TO THE EDITOR:
First thank you for the series on different rites. (Ways we worship, July 8, 2010) Usually I do not write responses to articles, but in this case I was disappointed with the feelings of the two priests in response to Latin in the Mass.
First I must say, I'm in my middle 50s and I only completed high school. I mention this only to note that I am not a scholar or professor that misses the loss of Latin. Up until I was 13, the Mass was in Latin and the priest faced a beautiful altar. People might think, well you don't know what is going on and how can you understand what is said? Maybe so, but the churches were packed on Sunday mornings. Well you know what, we did understand.
My grandmother, who only had an eighth grade education along with her St. Joseph Missal knew every part of the Mass in Latin, taught me to understand it. Then one Sunday, the beautiful altar was gone, the Mass was in English, all the statues disappeared and we stood for Communion. All we knew, it was coming from something called "The Vatican Council."
As I got older with a passion for history and also for learning the history of our church, I read several books on the history of our church and of the Mass. So, I am well aware that Latin came into the picture later in church history and that there was much more to the Council then changes in worship. But, Latin did become the language of our church, and was so for centuries.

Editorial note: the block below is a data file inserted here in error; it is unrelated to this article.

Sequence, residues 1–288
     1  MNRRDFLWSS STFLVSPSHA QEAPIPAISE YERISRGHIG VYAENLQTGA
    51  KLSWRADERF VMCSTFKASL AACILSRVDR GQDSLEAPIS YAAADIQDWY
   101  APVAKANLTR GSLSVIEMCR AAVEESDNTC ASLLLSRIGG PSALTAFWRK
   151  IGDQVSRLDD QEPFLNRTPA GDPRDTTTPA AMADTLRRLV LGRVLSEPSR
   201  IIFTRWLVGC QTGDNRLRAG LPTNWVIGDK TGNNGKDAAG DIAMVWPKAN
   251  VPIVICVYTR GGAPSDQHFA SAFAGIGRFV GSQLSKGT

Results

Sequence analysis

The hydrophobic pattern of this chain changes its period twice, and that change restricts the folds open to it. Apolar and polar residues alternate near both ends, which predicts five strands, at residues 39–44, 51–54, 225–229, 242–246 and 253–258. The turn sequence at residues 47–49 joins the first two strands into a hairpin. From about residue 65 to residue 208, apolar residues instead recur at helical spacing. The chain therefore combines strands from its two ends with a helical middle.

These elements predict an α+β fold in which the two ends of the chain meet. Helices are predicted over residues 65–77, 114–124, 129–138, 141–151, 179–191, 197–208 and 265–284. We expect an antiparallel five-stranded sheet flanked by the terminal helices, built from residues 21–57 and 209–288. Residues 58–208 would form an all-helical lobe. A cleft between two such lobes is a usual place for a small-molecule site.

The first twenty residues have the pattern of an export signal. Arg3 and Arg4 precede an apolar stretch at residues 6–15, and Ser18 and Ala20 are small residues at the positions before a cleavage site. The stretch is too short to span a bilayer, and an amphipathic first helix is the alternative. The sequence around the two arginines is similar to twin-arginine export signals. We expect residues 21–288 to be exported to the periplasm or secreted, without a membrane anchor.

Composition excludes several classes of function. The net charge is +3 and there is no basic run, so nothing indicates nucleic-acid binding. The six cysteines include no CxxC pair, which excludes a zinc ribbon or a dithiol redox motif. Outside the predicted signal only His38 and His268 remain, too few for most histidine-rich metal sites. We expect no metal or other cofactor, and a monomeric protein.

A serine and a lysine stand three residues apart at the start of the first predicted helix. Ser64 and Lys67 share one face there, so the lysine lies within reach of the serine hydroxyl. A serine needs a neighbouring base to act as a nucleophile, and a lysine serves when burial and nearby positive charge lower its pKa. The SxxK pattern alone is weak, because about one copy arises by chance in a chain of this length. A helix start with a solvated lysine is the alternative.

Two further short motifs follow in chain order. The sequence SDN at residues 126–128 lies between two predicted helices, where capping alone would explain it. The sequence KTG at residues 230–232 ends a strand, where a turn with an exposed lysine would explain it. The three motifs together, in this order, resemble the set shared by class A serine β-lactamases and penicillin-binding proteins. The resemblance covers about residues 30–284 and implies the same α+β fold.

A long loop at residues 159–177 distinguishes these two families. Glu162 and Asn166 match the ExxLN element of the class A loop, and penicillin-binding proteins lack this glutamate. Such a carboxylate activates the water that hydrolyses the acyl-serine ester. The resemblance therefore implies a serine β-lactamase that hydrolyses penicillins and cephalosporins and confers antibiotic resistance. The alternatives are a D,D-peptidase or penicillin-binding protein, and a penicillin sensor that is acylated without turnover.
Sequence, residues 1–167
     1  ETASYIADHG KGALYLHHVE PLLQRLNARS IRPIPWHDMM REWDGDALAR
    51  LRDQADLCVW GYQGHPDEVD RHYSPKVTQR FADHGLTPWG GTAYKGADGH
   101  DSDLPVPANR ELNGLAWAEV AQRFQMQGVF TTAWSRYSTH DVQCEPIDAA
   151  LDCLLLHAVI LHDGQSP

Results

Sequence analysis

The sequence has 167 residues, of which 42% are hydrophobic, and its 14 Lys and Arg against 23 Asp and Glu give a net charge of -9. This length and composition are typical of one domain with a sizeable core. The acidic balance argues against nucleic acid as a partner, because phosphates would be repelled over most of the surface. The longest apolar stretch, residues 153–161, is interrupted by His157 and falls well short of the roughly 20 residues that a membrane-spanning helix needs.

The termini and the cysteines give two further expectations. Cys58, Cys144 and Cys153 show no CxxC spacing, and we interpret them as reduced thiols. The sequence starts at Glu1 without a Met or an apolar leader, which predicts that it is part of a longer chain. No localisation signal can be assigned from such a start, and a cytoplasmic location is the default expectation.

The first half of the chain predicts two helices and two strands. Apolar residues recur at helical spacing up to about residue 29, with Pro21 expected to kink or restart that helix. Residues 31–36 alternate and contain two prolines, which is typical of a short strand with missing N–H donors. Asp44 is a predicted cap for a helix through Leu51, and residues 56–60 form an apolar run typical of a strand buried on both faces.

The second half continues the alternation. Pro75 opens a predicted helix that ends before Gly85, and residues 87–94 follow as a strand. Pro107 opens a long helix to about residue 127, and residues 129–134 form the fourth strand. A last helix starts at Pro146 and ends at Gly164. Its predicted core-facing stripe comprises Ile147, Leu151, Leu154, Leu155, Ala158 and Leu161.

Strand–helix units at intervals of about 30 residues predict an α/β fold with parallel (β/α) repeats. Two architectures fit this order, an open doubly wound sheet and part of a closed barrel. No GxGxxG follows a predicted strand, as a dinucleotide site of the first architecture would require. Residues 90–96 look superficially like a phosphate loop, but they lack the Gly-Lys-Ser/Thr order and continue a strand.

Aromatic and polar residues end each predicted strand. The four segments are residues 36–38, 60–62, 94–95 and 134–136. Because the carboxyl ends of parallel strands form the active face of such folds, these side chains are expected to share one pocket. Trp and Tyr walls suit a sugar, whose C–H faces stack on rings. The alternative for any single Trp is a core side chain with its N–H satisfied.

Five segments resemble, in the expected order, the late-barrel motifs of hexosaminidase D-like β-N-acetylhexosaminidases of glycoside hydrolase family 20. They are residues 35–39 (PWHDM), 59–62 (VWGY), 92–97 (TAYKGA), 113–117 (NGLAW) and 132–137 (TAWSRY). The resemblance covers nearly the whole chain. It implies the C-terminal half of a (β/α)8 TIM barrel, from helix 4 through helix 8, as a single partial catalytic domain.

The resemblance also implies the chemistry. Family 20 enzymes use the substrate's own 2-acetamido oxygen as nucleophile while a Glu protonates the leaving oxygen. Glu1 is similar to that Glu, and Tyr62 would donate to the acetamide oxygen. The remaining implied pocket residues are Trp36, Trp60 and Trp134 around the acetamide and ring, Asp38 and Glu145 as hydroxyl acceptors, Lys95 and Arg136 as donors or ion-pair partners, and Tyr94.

We belong to the Roman Catholic Church, and its official language is Latin.
Well all that said, I am a Rhode Islander who tries to attend the Holy Name Latin Mass at least once a month, and I discovered and started several years ago to attend the 10 a.m. Sunday Mass at Sts. Peter & Paul Cathedral because they use Latin chant. Basically I believe the Mass should include both Latin and English. In other areas of the country Gregorian chant is being used with the English Mass.
The next step I am looking forward to is the new translation. It seems most people will favor it, some will not, and some could care less. I have always felt the Mass, in which we pray, worship and speak to God was poorly translated. So is Latin dead? Maybe, maybe not. It’s not buried yet anyway.